Outkast, Pharrell Williams top L.A. Times readers’ Coachella picks
You did it. You survived Coachella 2014. Here’s a look back at the festival’s most memorable moments and the most popular musicians there — according to our readers.
While our music staff compiled its list of “must see” talent, we asked you to plot your stage-hopping journey with our interactive schedule. With those results, we’ve narrowed down the acts L.A. Times readers were most excited to see.
L.A. Times readers’ top 10 Coachella picks (multiple bands on a line indicate ties):
2. Pharrell Williams
3. Calvin Harris
4. Bastille, Disclosure, Lana Del Rey
5. Arcade Fire, Kid Cudi, Nas
6. Chvrches, Empire of the Sun
7. Ellie Goulding
8. Martin Garrix
10. Capital Cities, Lorde
So, did the 166-plus performers, an olio of personalities despite a strong EDM presence, exceed expectations or land flat? Weekend 2 saw unpolished acts shine bright with renewed vigor and bands that struck a chord Weekend 1 elicited only louder cheers their second time on stage.
Outkast’s long-anticipated reunion drew mixed reviews, but the duo made major improvements to its production, set and demeanor in Round 2. Pharrell ended his Coachella debut in retreat after losing his voice to nasty desert elements, but he amped up his subsequent Saturday with heavy-hitters like Jay Z (whose wife Beyonce sneaked into the Gobi tent to show sister Solange some love on Weekend 1), T.I. and Usher.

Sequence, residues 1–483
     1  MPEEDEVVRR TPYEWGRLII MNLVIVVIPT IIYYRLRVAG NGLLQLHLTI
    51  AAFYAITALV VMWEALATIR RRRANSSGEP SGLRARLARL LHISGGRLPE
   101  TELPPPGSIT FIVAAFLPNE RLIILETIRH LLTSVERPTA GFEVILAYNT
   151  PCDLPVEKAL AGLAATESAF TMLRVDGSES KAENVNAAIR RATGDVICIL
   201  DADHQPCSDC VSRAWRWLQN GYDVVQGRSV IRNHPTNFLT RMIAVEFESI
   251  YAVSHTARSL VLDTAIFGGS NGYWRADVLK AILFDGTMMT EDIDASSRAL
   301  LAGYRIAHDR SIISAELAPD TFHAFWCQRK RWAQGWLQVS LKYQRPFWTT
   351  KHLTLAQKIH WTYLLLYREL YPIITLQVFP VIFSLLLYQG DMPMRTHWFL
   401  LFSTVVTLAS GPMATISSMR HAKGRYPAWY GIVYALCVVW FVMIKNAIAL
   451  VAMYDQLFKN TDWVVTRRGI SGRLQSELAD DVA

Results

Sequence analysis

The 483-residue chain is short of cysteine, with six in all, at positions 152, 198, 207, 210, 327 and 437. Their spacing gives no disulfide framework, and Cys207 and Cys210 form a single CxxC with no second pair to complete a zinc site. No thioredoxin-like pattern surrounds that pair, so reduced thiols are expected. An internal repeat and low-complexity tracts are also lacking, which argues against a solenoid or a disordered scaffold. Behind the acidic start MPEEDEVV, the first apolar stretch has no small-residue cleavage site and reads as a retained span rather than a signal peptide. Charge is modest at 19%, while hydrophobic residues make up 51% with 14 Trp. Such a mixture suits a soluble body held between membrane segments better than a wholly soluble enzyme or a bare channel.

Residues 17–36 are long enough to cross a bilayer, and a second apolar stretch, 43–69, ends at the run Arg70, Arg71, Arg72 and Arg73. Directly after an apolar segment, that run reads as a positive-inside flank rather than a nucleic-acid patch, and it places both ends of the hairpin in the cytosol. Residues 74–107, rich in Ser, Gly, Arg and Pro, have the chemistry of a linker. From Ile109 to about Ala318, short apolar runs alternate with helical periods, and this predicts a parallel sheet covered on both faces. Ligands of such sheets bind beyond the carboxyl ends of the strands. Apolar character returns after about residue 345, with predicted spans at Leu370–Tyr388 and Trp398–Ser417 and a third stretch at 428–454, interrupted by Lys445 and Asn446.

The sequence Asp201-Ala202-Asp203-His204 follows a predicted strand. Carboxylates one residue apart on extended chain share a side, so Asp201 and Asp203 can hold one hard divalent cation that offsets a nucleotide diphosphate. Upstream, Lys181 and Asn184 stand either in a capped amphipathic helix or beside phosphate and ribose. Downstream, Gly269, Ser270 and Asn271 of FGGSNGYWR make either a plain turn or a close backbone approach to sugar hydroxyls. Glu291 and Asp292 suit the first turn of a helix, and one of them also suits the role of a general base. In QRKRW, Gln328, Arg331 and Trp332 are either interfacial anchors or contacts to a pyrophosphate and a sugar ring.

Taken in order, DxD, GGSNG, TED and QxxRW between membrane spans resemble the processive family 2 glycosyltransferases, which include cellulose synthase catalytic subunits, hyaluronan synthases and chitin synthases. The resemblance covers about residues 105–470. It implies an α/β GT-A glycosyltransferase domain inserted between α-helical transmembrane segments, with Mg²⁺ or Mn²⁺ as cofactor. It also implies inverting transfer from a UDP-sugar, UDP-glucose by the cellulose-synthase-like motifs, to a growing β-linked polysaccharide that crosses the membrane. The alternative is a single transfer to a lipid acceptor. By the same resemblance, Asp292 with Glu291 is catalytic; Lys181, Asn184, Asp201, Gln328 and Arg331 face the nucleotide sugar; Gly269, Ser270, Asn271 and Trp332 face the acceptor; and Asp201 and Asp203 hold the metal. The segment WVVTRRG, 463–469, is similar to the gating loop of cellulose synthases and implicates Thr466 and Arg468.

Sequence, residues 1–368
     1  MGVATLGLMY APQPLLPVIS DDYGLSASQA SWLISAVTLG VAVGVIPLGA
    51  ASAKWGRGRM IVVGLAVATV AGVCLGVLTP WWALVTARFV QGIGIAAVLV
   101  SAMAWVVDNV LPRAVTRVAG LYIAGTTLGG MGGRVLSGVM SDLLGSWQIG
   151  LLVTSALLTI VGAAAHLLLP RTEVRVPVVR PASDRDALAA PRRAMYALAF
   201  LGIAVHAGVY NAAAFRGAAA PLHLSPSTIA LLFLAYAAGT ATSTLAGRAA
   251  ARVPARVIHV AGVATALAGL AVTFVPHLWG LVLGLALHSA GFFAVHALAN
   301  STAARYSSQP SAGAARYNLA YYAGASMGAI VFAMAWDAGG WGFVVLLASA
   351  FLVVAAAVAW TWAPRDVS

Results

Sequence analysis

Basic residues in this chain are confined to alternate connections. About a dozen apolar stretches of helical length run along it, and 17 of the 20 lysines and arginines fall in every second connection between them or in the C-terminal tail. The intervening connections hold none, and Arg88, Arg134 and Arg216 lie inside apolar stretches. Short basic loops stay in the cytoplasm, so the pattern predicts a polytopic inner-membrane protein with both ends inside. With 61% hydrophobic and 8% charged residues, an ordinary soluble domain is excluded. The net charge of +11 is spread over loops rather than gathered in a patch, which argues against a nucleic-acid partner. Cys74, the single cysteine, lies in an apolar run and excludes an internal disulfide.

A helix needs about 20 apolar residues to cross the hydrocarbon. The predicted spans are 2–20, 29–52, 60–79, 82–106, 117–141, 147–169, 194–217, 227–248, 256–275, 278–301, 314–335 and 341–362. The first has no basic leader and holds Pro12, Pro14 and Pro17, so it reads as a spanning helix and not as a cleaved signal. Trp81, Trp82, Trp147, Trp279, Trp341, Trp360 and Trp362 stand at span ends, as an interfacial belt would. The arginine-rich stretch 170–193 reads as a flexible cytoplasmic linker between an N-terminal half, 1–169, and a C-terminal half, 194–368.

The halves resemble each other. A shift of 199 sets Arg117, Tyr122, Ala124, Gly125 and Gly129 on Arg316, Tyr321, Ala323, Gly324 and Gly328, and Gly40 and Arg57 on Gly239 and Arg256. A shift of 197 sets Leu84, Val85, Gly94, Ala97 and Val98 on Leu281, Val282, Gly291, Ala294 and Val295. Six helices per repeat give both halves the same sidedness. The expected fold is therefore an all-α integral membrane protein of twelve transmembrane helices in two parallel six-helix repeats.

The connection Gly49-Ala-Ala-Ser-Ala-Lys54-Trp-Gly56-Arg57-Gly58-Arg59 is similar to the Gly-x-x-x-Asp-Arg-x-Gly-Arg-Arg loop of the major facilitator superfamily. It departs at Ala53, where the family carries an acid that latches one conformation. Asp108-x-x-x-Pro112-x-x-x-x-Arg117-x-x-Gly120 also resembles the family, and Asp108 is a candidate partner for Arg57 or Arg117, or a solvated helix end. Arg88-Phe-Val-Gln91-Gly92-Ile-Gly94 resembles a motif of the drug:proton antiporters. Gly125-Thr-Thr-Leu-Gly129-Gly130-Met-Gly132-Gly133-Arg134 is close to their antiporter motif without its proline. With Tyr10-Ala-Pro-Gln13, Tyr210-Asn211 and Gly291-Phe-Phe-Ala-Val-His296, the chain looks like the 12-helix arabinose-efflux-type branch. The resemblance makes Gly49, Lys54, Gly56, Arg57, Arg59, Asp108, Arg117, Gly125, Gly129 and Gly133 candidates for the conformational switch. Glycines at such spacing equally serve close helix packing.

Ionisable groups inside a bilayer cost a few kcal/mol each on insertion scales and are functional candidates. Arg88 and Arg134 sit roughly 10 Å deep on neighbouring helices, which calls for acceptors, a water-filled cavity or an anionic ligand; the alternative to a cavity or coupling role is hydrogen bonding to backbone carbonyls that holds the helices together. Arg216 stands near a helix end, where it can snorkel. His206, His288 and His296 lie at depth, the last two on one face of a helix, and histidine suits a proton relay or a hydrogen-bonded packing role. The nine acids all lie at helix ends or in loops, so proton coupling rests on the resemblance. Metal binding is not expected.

Arcade Fire grew more defiant, pranking festival goers by inviting Daft Punk imposters to aid them in a down-tempo version of “Get Lucky.” And all eyes were on the sultry Lana Del Rey and a lucky fan as she slinked into the crowd and planted a smooch on his cheek, sans the $1,100 leather boots a fashion brand hoped she’d don. The Sahara tent, boasting performances by Empire of the Sun, Skrillex and Zedd, was unmatched in its intensity.
Coachella 2014 also gave way to many firsts. Punky, seventh-grade metal band Unlocking the Truth was by far the youngest band to play in the festival’s history. More female artists got locked in to this year’s lineup than ever before, though just 16 strong. Attendees with extra cash could now indulge in a four-course meal, or avoid traffic with an intimate airplane flight. The L.A. Times taped its first exclusive acoustic session featuring singer ZZ Ward.
As for new festival trends: More audiences went stage-hopping in search of hits, as was the case with Bastille. Fashion-wise, thousands lined up for a Sephora makeover (including our reporter Todd Martens), and everyone brought their best desert concert outfit.
The Empire Polo Club grounds emptied as quickly as they filled, only to get packed again for this year’s sold out Stagecoach Country Music Festival, which runs from April 25-27, 2014. Check back soon for news and photos from Stagecoach 2014.
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